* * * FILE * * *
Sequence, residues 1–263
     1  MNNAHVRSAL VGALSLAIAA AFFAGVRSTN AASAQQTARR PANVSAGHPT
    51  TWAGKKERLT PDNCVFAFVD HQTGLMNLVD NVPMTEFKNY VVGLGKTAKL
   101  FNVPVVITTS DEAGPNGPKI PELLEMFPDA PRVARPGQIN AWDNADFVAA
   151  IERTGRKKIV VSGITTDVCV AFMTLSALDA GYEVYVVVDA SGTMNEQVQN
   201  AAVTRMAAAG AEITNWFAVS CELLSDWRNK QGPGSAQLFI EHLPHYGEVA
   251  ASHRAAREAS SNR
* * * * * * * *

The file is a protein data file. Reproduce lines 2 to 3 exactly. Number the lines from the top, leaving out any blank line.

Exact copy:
     1  MNNAHVRSAL VGALSLAIAA AFFAGVRSTN AASAQQTARR PANVSAGHPT
    51  TWAGKKERLT PDNCVFAFVD HQTGLMNLVD NVPMTEFKNY VVGLGKTAKL